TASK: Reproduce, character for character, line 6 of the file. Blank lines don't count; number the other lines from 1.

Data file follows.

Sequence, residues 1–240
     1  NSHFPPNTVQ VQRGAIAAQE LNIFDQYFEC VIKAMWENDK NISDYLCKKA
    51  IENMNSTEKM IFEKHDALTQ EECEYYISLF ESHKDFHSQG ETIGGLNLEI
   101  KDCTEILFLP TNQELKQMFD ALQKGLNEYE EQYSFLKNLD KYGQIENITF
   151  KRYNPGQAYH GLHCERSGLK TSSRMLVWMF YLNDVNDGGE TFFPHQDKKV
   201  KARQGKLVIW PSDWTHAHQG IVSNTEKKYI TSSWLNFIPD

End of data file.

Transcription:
   201  KARQGKLVIW PSDWTHAHQG IVSNTEKKYI TSSWLNFIPD